I think that when we’re looking at our Title IX offices, our compliance offices, when it comes to certain claims, like discrimination claims, when it comes to a lot of things, we’re going to have a lot of wars because we have not had conversations. It’s going to be like, this person looks at me funny. This person did this. This person did that.

That could have been a conversation. That could have been a bold leader who just said, hey, this is our policy. This is what we’re doing. This is how we talk it out. This is how we move. I want to address it.

But I just see so much avoidance. And it’s going to take away from the productivity that everybody thinks we’re going to have because we’re now shifting it into emotional, very tense places that have not yet worked out how to bring people together with conflicting views and perspectives.

So I guess, Jill, what I’m saying is it sounds very soft. You know what I mean? I feel like as I’m hearing myself I’m like, oh, touchy feely, engineering just do this. But you know what? If people don’t start operating from this space, particularly as law, after law, after law comes down from the highest court in our land saying what women can do with their bodies, who can do what, who can marry whom, we’re going to have some other issues because that is traumatizing.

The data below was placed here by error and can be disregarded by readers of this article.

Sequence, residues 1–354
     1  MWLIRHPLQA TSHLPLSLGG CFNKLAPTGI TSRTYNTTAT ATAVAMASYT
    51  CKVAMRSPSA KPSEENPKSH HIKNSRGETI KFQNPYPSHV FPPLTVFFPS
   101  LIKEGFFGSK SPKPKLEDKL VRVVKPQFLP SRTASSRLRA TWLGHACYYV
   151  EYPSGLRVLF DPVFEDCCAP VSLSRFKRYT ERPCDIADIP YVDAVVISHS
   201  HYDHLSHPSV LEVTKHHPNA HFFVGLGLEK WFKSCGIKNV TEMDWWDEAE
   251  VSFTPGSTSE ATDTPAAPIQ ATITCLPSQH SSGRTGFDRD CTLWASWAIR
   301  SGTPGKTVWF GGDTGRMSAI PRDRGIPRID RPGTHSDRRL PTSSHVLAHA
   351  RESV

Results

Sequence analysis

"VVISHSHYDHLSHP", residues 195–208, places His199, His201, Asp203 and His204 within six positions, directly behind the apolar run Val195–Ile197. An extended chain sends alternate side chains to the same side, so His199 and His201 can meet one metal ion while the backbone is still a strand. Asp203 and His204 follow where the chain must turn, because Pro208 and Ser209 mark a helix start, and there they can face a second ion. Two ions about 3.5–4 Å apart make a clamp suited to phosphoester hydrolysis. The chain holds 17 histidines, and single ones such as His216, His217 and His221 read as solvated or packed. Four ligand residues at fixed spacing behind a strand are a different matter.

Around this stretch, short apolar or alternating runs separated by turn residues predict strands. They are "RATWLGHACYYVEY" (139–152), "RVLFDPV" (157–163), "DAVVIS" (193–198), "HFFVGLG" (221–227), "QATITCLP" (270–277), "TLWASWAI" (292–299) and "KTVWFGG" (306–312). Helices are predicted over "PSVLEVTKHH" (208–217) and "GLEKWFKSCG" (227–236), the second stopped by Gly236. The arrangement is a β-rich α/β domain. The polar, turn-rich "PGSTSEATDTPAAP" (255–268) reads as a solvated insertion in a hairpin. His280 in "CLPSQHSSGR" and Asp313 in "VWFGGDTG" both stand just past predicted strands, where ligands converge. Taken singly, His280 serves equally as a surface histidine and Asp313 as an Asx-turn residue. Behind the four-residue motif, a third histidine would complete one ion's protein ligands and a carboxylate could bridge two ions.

That’s another word. We have not talked about the trauma when your nation tells you that you’re not valuable, that history didn’t happen, that you can’t make certain choices, that you can’t love who you want to love. I mean, I could go on because every day, month, something, we’re seeing something beyond affirmative action.

This is one thing that I love that you’re talking about. But you could put like 10 other laws and decisions at the federal and the state level. And it continues to happen every day.

Jill Finlayson: It’s a lot. And it does have this cumulative effect. How do we create policies where the climate is protected?

Monica Cox: I think first of all, they have to listen, listen to what people are telling them. One of the biggest defense mechanisms I hear from organizations is no one’s ever said that before. When someone says this is happening, well, why are you the first person saying it?

And there’s always going to be a first person who says something. But I always say believe someone who says something the first time because they have a lot to risk by saying something. So at least investigate it. Hear them out. See what’s going on. And don’t just become so defensive because they said something that you didn’t like or something you never heard.